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All the way through history, festivals have taken the forms of cultural traditions or have marked religious or historical occasions linked to the community staging the festival (Arcodia & Robb, 2000). According to Earls (1993) historically, the way festivals celebrated special occasions was through art, ritual, and festivity; they were seen as public meetings that make people’s joint wishes and dreams reality and offer a significant event for a unique experience in their lives. The basic origins of this type of communal celebration which has cultural importance to the host population (Pardy, 1991), can be traced back to the carnival of Europe. ( Arcodia, Whitford, 2010) “The defining characteristic of a special event or festival is its transience” (Gilbert and Lizotte , 1998, pp. 73). This suggests that it would be difficult to encourage and maintain the same sense of occasion and enthusiasm, if such an event was to be held more often. Goldblatt (1997) defines a festival as “a special event that recognizes a unique moment in time with ceremony and ritual to satisfy specific needs”(Goldblatt, 1997, pp.33).According to Yeoman et al. (2004) the word festival derives from feast and means a time of celebration.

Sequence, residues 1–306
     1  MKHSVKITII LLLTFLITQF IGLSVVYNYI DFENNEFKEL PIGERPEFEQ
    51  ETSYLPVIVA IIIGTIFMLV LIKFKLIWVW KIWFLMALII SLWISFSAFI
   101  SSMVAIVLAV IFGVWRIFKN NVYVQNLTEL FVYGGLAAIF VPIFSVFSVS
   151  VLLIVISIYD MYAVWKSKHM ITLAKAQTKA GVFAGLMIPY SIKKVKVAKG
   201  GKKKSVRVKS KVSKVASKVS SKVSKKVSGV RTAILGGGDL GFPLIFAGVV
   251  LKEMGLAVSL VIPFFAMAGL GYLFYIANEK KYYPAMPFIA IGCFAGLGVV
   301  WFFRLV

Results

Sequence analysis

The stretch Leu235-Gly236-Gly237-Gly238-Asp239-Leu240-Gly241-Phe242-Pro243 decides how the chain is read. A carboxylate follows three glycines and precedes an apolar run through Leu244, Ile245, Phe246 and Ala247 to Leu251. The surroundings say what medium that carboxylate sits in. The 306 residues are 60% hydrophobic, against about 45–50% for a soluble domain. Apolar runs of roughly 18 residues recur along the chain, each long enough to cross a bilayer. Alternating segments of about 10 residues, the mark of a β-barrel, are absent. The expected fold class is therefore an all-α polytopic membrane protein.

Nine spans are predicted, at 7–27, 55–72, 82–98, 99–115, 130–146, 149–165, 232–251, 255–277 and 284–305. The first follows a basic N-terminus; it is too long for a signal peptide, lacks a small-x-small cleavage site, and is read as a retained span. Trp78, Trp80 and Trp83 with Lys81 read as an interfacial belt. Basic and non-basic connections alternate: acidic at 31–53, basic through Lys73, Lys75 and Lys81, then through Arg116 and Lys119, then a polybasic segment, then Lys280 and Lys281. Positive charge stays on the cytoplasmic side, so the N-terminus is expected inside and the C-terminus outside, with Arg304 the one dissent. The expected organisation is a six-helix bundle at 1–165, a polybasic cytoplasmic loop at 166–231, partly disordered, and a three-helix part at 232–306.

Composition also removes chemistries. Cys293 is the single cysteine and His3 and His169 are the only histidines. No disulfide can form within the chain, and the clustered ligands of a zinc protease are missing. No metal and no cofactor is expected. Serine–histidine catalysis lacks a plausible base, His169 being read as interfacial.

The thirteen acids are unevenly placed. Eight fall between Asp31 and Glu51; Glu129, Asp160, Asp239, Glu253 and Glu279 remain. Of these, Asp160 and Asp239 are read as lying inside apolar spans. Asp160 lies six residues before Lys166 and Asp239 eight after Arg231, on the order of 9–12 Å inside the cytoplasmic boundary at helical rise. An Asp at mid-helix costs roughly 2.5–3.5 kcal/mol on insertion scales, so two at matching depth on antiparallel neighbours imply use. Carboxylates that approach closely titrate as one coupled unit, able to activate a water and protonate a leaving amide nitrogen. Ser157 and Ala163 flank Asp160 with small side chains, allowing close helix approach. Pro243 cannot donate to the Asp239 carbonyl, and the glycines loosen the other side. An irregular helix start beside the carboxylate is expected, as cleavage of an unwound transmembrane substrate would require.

Yeoman, et al. (2004) argue that the features of festivals and events are unique, thus no common model of management fits them all. “These characteristics include intangibility , production, often taking place at the same time as consumption, and perishability” (Yeoman et al., 2004, pp.xx). Festivals and events have diverse levels of operating costs and they fall into both the not- for -profit and profit- making categories. They can range from small-scale , locally based events, to large international festivals (Yeoman, et al, 2004). Previous studies on festival motivation(Uysal et al,1996, Nicholson and Pearce, 2001, Crompton and McKay, 1997) jointly demonstrate that the type of the festival is a significant predictor of motives. As a result, further exploration on various types of festivals should be conducted, in order to improve our understanding of the relationship between the kind of the festival and the visitor motives. A significant characteristic of a festival is the sense of community, belonging and celebration engendered by an event, which is a communal and free social meeting including a variety of media such as arts, performances and shows (Goldblatt, 1997). Cultural consumption is an intangible pleasure-seeking experience. The consumer experience in cultural products appears to have as its main elements the multisensorial, fantastic and emotional aspects of any consumer experience (Bourdeau, Paradis and Nyeck, 1997; Bourdeau, Decoster, Paradis; Hirschman and Holbrook, 1982). In other words, it can be perceived as a self-gratifying consumer experience with an experiential perspective (Hirschman and Holbrook, 1982). The intangible characteristics of attendance at a cultural festival make the event a consumer facility. According to Bourdeau et al.( ) more generally, it is a hedonistic experience in which consumers use their senses. “It is only after this hedonistic experience, when they leave the festival site, that they develop feelings of satisfaction or dissatisfaction” ( pp.1, in Bourdaeu, De coster Paradis,2001). Managers of a cultural scheme must supply an intangible, hedonistic experience but one that includes not only the basic service but peripheral services as well (Eiglier and Langeard, 1987). The basic service is the principal reason for attending. In the case of a music festival, it is the content of the event – the live shows. Peripheral services are those surrounding the event such as festival information services. The intangible, hedonistic nature of a festival visit makes it difficult for managers to determine satisfaction levels among consumers. Swan and Combs (1976) have demonstrated empirically that when performance does not meet the consumer’s expectations, dissatisfaction results, and when performance does meet expectations, satisfaction results. Generally, the variance between expectations and performance correlates positively with feelings of satisfaction or dissatisfaction. Howard (1977, p. 57) defines satisfaction, from an expectancy theory perspective, as “the consumer’s mental state of being adequately or inadequately rewarded for the sacrifice he or she has undergone”. The degree of adequacy results from comparing actual past experience with the reward that was expected from the brand in terms of its potential to satisfy motives served by its product class.”} (Bourdeau, De Coster, Paradis, 2001) terasties allages One of the original service quality theories is that customers are satisfied when their judgment of the service they have received (perception) equals or exceeds what they expected: Customer Satisfaction (CS)= Perceptions(P) =Expectations. This is known as the gap analysis theory (Zeithalm et al., 1990) or Oliver’s expectancy disconfirmation(Oliver, 1997). Zeithaml et al. considered that the factors that influence customer’s formulation of their expectations are word of mouth , personal needs, external communications, and past experience. Johnson and Mathews (1997) noted that the expectations of a frequent user of a facility would rely more on the influence of past experiences than other sources of information(eg. Advertisements). Researchers have no way of knowing what a first-time user’s expectations are based upon. Dale (1994a) suggests that world class experiences are used to formulate expectations. Parasuraman et al. (1988) tried to set customer expectations in context by suggesting that they are what an organization should offer. (Williams and Buswell, , pp.63-64)